Ian, (NIT) playing cards with campers

Thoughts From Our Naturalists in Training

At The Environmental Center, our Youth Education Team offers a variety of summer programs to enrich the minds of children, and teach them about sustainable living with hands-on activities in the classroom, the outdoors, the gardens, and beyond. 

We believe it’s important to foster future leaders in sustainability. That’s why the team also provides mentorship opportunities for teens and young adults. Our NIT (Naturalists in Training) program is a great example!

The NIT program creates an opportunity for young teens to gain skills for their first job such as leadership, communication, and risk management. It includes training at the beginning of the summer to prepare our hired NITS for minor first aid incidents, risk management, and opportunities to lead group activities and games. Then, the students help out with a few of the Youth Ed Programs through the summer.

This year we worked with an amazing team of NIT’s, and hired a few interns who were older teens and adults to help run our programs and learn new experiential education skills. One intern, Fiona Schader, interviewed each of our NITs and interns to find out about their experience…

Insights and Experiences from this Year’s Naturalists In Training

Ian, (NIT) playing cards with campers

Ian is going into 7th grade, and found that having new responsibilities during his job was a good learning experience. Keeping kids on task was a challenge, but keeping it relaxed and allowing the campers to shove grass in his face was fun and rewarding. 

Luke, a rising 7th grader, found that keeping kids listening to directions was the most challenging aspect of the camp. However, explaining and teaching games was rewarding, and the game “toilet tag” was one of the most fun things for Luke.

 

Diego, a 7th grader who is hoping to gain Spanish fluency and learn Mandarin in high school, talked about the difference between verbal directions and visual examples when it came to playing games or changing behavior. Working with young kids was new for him, but he enjoyed how each camper brought a different personality to the group.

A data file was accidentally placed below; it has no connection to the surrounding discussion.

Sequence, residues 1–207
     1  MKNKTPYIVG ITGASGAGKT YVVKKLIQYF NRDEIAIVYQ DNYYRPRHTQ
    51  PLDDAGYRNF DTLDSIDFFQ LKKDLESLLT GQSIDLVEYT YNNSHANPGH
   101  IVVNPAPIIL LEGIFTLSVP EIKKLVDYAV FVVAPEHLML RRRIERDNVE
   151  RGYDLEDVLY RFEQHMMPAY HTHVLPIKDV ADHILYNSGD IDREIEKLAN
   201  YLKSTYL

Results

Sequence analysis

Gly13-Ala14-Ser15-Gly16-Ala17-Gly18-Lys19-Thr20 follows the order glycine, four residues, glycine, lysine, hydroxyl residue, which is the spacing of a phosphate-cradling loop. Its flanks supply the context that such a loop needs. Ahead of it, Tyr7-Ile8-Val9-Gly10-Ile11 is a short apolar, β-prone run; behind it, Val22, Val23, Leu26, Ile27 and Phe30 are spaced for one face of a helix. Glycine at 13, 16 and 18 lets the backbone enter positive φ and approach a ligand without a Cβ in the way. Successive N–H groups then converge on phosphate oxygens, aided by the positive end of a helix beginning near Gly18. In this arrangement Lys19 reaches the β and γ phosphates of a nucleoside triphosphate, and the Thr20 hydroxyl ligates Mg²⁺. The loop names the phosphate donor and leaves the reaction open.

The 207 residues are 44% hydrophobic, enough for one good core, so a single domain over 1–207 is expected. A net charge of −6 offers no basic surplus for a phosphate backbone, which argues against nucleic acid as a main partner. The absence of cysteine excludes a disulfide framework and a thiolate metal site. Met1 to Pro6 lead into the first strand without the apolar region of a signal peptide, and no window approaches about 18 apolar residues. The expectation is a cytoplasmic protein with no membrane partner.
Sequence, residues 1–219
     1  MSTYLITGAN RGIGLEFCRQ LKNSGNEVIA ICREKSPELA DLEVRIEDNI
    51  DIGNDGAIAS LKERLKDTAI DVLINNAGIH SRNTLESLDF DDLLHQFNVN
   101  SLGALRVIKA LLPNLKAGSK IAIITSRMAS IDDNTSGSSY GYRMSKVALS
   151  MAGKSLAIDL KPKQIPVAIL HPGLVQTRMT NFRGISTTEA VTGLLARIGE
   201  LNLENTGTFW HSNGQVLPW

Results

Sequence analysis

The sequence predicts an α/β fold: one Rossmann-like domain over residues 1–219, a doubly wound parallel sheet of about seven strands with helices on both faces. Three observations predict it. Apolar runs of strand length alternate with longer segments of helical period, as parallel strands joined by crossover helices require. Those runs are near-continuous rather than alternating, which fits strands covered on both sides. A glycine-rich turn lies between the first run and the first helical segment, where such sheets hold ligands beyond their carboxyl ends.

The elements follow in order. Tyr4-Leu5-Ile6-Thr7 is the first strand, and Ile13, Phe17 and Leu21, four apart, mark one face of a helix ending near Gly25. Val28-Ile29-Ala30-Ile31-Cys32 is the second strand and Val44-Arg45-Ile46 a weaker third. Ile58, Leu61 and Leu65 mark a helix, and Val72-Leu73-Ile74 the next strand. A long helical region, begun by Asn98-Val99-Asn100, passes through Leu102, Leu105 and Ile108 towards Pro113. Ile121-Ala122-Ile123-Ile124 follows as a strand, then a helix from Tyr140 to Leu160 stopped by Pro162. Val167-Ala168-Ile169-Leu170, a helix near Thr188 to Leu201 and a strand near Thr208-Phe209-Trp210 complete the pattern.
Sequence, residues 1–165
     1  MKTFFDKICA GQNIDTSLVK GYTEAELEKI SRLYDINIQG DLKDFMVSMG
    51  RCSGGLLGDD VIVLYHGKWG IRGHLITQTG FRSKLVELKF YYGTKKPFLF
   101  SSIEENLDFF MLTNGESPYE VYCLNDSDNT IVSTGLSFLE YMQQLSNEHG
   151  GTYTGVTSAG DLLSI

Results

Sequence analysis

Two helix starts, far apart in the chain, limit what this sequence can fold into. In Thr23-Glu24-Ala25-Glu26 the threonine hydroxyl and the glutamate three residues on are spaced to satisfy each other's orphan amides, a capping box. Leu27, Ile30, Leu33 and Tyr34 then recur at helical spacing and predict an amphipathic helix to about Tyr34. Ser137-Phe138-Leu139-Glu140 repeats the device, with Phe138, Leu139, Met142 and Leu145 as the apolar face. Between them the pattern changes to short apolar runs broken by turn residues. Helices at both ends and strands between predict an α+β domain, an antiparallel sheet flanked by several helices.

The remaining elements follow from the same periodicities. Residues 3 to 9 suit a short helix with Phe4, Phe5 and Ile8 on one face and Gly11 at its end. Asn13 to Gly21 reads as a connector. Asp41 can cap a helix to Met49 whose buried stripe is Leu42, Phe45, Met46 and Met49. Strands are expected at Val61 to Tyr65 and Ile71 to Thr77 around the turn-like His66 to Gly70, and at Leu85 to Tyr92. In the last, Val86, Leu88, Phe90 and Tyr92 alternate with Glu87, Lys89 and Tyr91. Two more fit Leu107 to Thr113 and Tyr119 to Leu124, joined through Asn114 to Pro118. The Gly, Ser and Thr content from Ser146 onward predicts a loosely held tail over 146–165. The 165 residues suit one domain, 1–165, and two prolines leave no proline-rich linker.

Olive (NIT) and camper chatting

Olive, one of our interns and a junior with an interest in marine biology, really enjoyed fostering the love of the outdoors in children. She found balancing learning and fun to be difficult but also educational. Olive noticed that some of the campers nicknamed log bridges “sketchy bridges,” and made up an accompanying song. The enthusiasm for “sketchy bridges” was so high that one camper took an unplanned swim!

Mateo is going into 6th grade and enjoys math—specifically the feeling of getting the answers right. Mateo felt that the 2nd graders in his group were even more knowledgeable than he used to be and was impressed with their ideas. He mentioned that it was sometimes challenging to work with campers who need more help paying attention or receiving directions without getting frustrated. One funny thing he noticed was the arguments that broke out—to Mateo, the topics of discussion were not that important and not worth arguing about! 

Nora, a rising 8th grader, really liked being looked up to as a role model. She found kids missing their parents or bickering to be challenging, but the general enthusiasm and humor of each camper made up for it. 

Iris is a 9th grader with her eyes set on an IB diploma, was challenged when she took care of a camper who needed more help and attention with being safe and having fun. The key? Having patience and being able to balance safety standards and letting kids be unstructured. Iris really enjoyed helping campers build an impressive log fort.

 

Hill Helping campers find their wayHill, a schoolteacher from New York, was drawn to his career after being a camp counselor. He loved seeing the kids get their hands dirty outside and mentioned that teaching in a new environment was sometimes difficult (the flora and fauna in Central Oregon do differ from the East Coast). A favorite theme of the camp was seeing the campers’ creativity as they invented backstories and mythology around forts, games, and activities.

With summer coming to a close, the Youth Ed Team is beginning to wind down for the summer, but you can check out our website to get updates on programs and other youth activities.

See you next summer!